Wilson v. Place
OPINION and ORDER Denying Petitioner's re 12 MOTION for Equitable Tolling. Signed by District Judge Denise Page Hood. (TMcg)
UNITED STATES DISTRICT COURT
EASTERN DISTRICT OF MICHIGAN
Case Number: 2:15-CV-12861
HON. DENISE PAGE HOOD
OPINION AND ORDER DENYING PETITIONER’S
MOTION FOR EQUITABLE TOLLING
Petitioner Darrell Wilson, a Michigan state prisoner, filed a pro se petition for a
writ of habeas corpus under 28 U.S.C. § 2254, challenging his convictions for first-degree
felony murder, Mich. Comp. Laws § 750.316, armed robbery, Mich. Comp. Laws §
750.529; and false report of a felony, Mich. Comp. Laws § 750.411a(1). Respondent
filed a motion for summary judgment, arguing that the petition should be denied because
it was not timely filed. Petitioner did not file a response to the motion. On February 29,
2016, the Court granted Respondent’s motion and dismissed the petition. (ECF No. 10).
Now before the Court is Petitioner’s Motion for Equitable Tolling.
The Court concludes that it may not construe Petitioner’s motion as a motion for
reconsideration of the Court’s February 29, 2016 order because a motion for
reconsideration must be filed within fourteen days after the entry of the judgment or order
challenged. E.D. Mich. L.R. 7.1(h)(1). Petitioner’s motion was filed 60 days after the
entry of judgment in this case. The motion is also untimely under Federal Rule of Civil
Procedure 59(e), because a motion to alter or amend judgment under Rule 59(e) must be
filed no later than 28 days after entry of judgment. Fed. R. Civ. P. 59 (e).
The Court construes the motion as a motion for relief from judgment under Federal
Rule of Civil Procedure 60(b). Rule 60 (b) allows a court to relieve a party from a final
judgment for the following reasons:
mistake, inadvertence, surprise, or excusable neglect;
newly discovered evidence that, with reasonable diligence, could not have
been discovered in time to move for a new trial under Rule 59(b);
fraud (whether previously called intrinsic or extrinsic), misrepresentation,
or misconduct by an opposing party;
the judgment is void;
the judgment has been satisfied, release, or discharged; it is based on an
earlier judgment that has been reversed or vacated; or applying it
prospectively is not longer equitable; or
any other reason that justifies relief.
Fed. R. Civ. P. 60(b).
The Court finds that none of the factors cited in 60(b)(1)-(5) is applicable.
Petitioner makes no showing of mistake, inadvertence, surprise or excusable neglect.
Rule 60(b)(1). Nor does he rely upon newly discovered evidence or evidence of fraud,
misrepresentation or misconduct of an opposing party. Rule 60(b)(2)-(3). Relief is
allowed under Rule 60(b)(4) only in the instance of a “jurisdictional error” or “a violation
of due process,” neither of which is alleged here. Northeast Coalition for Homeless v.
Husted, 696 F.3d 580, 601 (6th Cir. 2012), citing United Student Aid Funds, Inc. v.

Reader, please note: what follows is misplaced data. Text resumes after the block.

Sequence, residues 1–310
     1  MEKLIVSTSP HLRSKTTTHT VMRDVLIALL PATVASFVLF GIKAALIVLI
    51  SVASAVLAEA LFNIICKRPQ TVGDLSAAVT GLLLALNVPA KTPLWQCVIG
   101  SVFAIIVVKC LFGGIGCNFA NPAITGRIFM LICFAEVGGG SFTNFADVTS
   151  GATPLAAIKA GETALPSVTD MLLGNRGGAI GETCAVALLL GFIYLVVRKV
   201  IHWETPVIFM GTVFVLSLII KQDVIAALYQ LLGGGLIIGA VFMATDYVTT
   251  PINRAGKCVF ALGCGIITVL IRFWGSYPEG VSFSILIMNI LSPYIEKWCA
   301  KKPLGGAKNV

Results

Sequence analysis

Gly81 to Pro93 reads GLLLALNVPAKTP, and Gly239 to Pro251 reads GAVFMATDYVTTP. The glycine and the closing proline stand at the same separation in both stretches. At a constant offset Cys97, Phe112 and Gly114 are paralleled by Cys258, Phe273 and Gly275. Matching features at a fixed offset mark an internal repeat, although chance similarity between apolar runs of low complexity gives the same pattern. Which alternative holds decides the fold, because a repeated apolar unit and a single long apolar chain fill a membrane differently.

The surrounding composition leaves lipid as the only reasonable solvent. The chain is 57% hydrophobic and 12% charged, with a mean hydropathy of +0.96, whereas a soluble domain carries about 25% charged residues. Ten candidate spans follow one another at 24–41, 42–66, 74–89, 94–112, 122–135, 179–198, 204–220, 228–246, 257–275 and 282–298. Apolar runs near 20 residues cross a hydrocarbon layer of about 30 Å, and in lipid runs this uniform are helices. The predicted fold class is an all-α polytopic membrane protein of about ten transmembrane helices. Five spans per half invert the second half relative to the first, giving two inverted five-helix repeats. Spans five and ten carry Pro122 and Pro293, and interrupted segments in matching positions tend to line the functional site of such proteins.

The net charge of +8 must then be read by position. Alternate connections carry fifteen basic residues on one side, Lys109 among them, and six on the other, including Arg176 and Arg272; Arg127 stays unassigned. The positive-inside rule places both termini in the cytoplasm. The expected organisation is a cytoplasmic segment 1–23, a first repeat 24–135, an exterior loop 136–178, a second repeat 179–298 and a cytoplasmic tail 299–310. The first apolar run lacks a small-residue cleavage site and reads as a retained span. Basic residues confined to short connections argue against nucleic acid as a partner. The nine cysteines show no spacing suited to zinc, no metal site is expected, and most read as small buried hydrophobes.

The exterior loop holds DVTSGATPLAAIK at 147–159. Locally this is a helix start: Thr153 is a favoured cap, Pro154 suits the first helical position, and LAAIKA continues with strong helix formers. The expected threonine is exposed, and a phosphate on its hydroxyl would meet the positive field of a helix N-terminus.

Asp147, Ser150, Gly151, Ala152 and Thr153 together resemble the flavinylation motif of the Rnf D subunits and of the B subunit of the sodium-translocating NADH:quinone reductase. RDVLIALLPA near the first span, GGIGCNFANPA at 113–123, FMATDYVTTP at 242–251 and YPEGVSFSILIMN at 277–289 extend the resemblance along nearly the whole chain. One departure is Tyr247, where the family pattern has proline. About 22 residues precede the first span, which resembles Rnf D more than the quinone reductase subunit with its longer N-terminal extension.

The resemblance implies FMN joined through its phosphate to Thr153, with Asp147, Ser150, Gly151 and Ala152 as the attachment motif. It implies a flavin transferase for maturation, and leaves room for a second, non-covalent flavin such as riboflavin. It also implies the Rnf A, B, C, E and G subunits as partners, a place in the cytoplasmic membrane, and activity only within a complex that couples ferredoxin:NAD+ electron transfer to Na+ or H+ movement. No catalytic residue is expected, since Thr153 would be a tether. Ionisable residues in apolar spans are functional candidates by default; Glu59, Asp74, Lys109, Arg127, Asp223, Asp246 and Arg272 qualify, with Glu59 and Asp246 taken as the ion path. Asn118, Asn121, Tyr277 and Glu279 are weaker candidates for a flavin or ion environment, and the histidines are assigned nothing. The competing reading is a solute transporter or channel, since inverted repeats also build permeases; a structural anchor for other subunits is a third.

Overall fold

Espinosa, 559 U.S. 260 (2010). Rule 60 (b)(5) is also inapplicable because the judgment
has not been vacated or discharged. Rule 60(b)(6) remains the only possible avenue for
relief for Petitioner.
“[R]elief under Rule 60(b)(6) ... requires a showing of ‘extraordinary
circumstances.’” Gonzales v. Crosby, 545 U.S. 524, 546 (2005). The Court granted
Respondent’s motion and dismissed the petition because it was filed almost one year after
the limitations period expired. In his motion, Petitioner argues that he is entitled to
equitable tolling of the limitations period because his appellate attorney did not timely
inform him when the Michigan Supreme Court denied his application for leave to appeal,
causing the late filing of his habeas corpus petition. He states that he learned the
application had been denied two years after the Supreme Court’s decision when he and
his family members inquired about the status of his appeal. Petitioner’s circumstances are
not extraordinary. Petitioner’s argument in support of equitable tolling could have been
raised in his petition, in his 796-page pleading in support of the petition, or in a reply to
Respondent’s motion for summary judgment. Instead, he raises the argument for the first
time in the pending motion. The Court is not persuaded by Petitioner’s claim that he
failed to realize the significance of this argument until after the Court dismissed his
petition. The significance of this argument would have been apparent to even a layperson
upon the filing of Respondent’s motion. The Court finds no extraordinary circumstances
warranting relief under Rule 60(b)(6).
The Court also denies Petitioner a certificate of appealability. A habeas petitioner
is required to obtain a certificate of appealability before he can appeal the denial of a
60(b) motion for relief from judgment that seeks to challenge the judgment in a habeas
case. See United States v. Hardin, 481 F.3d 924, 926 (6th Cir. 2007). “[J]urists of
reason” would not find it debatable whether this Court is correct in its decision denying
the motion and the Court denies a certificate of appealability. Slack v. McDaniel, 529
U.S. 473, 484 (2000).
Accordingly, the Court DENIES Petitioner’s Motion for Equitable Tolling (ECF
No. 12) and DENIES a certificate of appealability.
s/Denise Page Hood
DENISE PAGE HOOD
CHIEF UNITED STATES DISTRICT JUDGE
DATE: December 29, 2016
I hereby certify that a copy of the foregoing document was served upon counsel of
record on December 29, 2016, by electronic and/or ordinary mail.
Case Manager Generalist
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